About Citius iMSC Citius's planned mesenchymal stem cell therapy product is derived from a human induced pluripotent stem cell (iPSC) line generated using a proprietary mRNA-based (non-viral) reprogramming process. The iMSCs produced from this clonal technique are differentiated from adult donor-derived MSCs (bone marrow, placenta, umbilical cord, adipose tissue, or dental pulp) by providing genetic homogeneity. In in-vitro studies, iMSCs exhibit superior potency and high cell viability. The iMSCs secrete immunomodulatory proteins that may reduce or prevent pulmonary symptoms associated with acute respiratory distress syndrome (ARDS) in patients with COVID-19. The Citius iMSC is an allogeneic (unrelated donor) mesenchymal stem-cell product manufactured by expanding material from a master cell bank.

About Acute Respiratory Distress Syndrome (ARDS) ARDS is a type of respiratory failure characterized by rapid onset of widespread inflammation in the lungs. ARDS is a rapidly progressive disease that occurs in critically ill patients most notably now in those diagnosed with COVID-19. ARDS affects approximately 200,000 patients per year in the U.S., exclusive of the current COVID-19 pandemic, and has a 30% to 50% mortality rate. ARDS is sometimes initially diagnosed as pneumonia or pulmonary edema (fluid in the lungs from heart disease). Symptoms of ARDS include shortness of breath, rapid breathing and heart rate, chest pain (particularly while inhaling), and bluish skin coloration. Among those who survive ARDS, a decreased quality of life is relatively common.

Safe Harbor This press release may contain "forward-looking statements" within the meaning of Section 27A of the Securities Act of 1933 and Section 21E of the Securities Exchange Act of 1934. Such statements are made based on our expectations and beliefs concerning future events impacting Citius. You can identify these statements by the fact that they use words such as "will," "anticipate," "estimate," "expect," "should," and "may" and other words and terms of similar meaning or use of future dates. Forward-looking statements are based on management's current expectations and are subject to risks and uncertainties that could negatively affect our business, operating results, financial condition and stock price.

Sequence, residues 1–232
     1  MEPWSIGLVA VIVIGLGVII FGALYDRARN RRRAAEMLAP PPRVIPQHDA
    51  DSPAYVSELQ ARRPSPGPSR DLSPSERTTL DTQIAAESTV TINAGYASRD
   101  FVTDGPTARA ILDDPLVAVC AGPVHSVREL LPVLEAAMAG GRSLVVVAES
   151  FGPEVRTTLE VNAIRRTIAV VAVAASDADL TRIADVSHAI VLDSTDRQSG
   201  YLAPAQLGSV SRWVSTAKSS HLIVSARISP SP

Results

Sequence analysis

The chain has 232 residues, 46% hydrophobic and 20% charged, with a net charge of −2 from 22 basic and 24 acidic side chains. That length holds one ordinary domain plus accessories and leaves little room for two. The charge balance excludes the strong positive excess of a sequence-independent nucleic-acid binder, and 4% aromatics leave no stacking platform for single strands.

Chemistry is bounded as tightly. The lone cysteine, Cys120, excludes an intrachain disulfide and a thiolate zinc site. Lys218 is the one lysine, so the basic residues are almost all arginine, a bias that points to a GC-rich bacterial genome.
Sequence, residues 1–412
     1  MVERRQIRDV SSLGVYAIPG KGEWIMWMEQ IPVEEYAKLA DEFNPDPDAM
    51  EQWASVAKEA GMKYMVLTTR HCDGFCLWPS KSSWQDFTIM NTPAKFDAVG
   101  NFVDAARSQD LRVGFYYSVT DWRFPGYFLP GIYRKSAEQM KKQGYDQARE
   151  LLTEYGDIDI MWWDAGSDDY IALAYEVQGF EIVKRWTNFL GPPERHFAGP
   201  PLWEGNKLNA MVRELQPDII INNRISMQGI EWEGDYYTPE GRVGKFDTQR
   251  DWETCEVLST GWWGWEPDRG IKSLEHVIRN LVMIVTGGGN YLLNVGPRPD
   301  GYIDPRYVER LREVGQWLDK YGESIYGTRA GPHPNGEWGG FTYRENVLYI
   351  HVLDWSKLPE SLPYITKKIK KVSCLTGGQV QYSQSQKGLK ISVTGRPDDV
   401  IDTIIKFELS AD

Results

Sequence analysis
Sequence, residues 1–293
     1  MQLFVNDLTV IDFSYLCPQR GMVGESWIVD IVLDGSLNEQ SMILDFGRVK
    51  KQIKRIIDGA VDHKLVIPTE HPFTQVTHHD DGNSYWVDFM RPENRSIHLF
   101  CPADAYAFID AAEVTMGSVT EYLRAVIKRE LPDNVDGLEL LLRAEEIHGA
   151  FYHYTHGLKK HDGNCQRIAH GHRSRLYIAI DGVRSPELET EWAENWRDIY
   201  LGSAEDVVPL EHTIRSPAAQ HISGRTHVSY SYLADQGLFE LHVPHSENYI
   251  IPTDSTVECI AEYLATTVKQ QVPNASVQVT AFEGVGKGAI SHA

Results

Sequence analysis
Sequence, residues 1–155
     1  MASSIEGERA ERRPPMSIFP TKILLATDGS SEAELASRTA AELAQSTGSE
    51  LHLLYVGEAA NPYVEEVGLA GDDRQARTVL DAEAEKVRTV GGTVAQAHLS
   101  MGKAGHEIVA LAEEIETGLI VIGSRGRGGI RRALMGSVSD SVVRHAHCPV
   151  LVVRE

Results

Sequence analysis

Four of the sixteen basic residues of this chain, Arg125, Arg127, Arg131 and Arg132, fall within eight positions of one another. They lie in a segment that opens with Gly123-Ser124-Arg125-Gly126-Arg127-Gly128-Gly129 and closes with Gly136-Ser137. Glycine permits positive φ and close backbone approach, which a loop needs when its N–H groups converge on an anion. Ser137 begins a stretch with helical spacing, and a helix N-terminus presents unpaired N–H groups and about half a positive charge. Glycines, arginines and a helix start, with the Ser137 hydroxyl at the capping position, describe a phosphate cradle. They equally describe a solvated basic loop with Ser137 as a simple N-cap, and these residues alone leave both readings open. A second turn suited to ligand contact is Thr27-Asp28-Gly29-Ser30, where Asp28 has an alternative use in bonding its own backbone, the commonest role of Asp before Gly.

Factors that could cause actual results to differ materially from those currently anticipated are: our ability to attract, integrate, and retain key personnel; our need for substantial additional funds; the risk of successfully negotiating within the option period a license agreement with Novellus, Inc. for our planned Novecite therapy for ARDS; risks associated with conducting clinical trials and drug development; the estimated markets for our product candidates and the acceptance thereof by any market; risks related to our growth strategy; risks relating to the results of research and development activities; uncertainties relating to preclinical and clinical testing; the early stage of products under development; our ability to obtain, perform under and maintain financing and strategic agreements and relationships; our ability to identify, acquire, close and integrate product candidates and companies successfully and on a timely basis; our dependence on third-party suppliers; government regulation; patent and intellectual property matters; competition; as well as other risks described in our SEC filings. We expressly disclaim any obligation or undertaking to release publicly any updates or revisions to any forward-looking statements contained herein to reflect any change in our expectations or any changes in events, conditions or circumstances on which any such statement is based, except as required by law.